Introduction. What is it all about

GameDev, 3D, cross-platform, C++, Android, Windows, OpenGL ES 3.2.

This blog turned out to practically step-by-step instruction (tutorial) how to write cross-platform 3D app (game) from scratch.

To write own game is my old dream. Now I know how to do it right.

Have a few ideas in mind what it could be, haven't decided yet. Maybe something like this?:

Or even better?

Anyway, whatever it finally would be, a big part of the path will be COMMON for ANY project. And I am inviting You to join me in this route. The idea and purpose of these notes – to build practically usable Base for a Real Commercial Project from scratch.

Ready? Then let’s go! But where? Let’s pick direction first.

Platform: Android, iPhone, PC, Mac, Xbox, what else? Instead of choosing one I wanted to try cross-platform. For beginning I'm planning to focus on PC/Windows and Android. If such cross-platform (mobile + desktop) will work, then all other platforms - by analogy.

Graphics engine/API: I afraid to bound myself by concepts, frameworks, models and restrictions of existing game engines. Besides, I'd prefer to avoid overloading the Project by extra Megatons layers. Therefore, I won’t consider for myself high-level options, such as Unity, Unreal, GameMaker, Godot and so on. Though, on another hand, if You are planning to release another Doom-alike zombie-shooter, then mentioned options, maybe is a good choice. But in my case, since I want my game to be different from others, I will need low-level access to 3D. Plus it must be cross-platform-compatible. The choice seems huge: DirectX, OpenGL, Vulkan, Metal, did I miss anything? However, practically none of them is truly cross-platform-compatible EXCEPT OpenGL ES, which can run practically on ANY platform, including PC, Android, Mac and iPhone. We will use low-level API, OpenGL ES 3.2.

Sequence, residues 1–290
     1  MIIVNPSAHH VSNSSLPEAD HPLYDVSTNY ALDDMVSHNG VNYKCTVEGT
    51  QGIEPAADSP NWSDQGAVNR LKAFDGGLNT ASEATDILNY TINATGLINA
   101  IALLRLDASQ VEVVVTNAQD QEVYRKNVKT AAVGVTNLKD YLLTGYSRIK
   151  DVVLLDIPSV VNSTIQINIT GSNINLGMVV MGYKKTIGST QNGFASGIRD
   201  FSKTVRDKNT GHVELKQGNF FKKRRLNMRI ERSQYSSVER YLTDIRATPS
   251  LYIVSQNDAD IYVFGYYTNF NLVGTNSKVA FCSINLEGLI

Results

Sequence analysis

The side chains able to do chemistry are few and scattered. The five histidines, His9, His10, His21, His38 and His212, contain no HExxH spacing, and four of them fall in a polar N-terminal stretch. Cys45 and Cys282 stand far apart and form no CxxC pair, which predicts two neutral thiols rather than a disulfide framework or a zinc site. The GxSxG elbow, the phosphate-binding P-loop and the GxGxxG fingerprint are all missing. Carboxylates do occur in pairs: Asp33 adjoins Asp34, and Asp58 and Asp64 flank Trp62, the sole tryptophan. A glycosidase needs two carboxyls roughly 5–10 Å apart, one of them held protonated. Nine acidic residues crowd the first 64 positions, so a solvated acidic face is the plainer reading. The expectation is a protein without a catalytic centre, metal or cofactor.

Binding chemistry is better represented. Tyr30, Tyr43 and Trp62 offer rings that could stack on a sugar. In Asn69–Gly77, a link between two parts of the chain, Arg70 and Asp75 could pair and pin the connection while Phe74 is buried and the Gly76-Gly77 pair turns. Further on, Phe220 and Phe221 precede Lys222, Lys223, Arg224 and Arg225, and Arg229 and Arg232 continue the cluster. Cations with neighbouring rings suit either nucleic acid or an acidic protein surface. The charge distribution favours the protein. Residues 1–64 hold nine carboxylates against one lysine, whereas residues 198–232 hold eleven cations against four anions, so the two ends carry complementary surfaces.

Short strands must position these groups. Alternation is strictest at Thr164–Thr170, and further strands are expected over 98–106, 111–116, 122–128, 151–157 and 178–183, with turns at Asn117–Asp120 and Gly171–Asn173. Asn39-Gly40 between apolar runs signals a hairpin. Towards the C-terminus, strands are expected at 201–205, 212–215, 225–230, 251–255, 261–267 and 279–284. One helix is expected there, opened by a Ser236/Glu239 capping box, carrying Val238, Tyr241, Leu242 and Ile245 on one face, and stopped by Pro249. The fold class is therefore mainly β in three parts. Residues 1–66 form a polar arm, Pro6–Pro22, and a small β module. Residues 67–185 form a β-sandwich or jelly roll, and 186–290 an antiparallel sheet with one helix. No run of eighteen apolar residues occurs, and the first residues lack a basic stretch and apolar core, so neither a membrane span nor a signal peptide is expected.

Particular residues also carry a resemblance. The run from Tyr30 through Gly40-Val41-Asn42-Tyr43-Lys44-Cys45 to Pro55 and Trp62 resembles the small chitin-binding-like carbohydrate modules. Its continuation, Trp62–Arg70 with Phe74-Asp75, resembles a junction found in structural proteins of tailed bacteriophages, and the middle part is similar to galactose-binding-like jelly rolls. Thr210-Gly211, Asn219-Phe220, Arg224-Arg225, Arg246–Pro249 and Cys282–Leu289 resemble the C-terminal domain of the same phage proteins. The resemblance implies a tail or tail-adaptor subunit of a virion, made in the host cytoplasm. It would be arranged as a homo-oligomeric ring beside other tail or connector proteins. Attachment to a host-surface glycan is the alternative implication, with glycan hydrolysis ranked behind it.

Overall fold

Programming language: C++, Java, C#, Objective-C, Kotlin, Python, Rust, Swift, the list goes on... But again, our cross-platform requirement leaves us with a single classic option – C++.


For Windows we will use Microsoft Visual Studio Community edition, which is free.

For Android - Google Android Studio, which is free as well.

The challenge with this combo (C++ and OpenGL ES) is that it is not native to any platform. Each platform will require some efforts to make this combo work. However, it’s still better than, let’s say, to sacrifice mobile for the sake of DirectX, or Apple for the sake of Java. Not excluded that we'll have some other reasons for such sacrifices, but not technological.

Now, when we know where we are going, LET'S START! Let's see how far YOU can go 🙂

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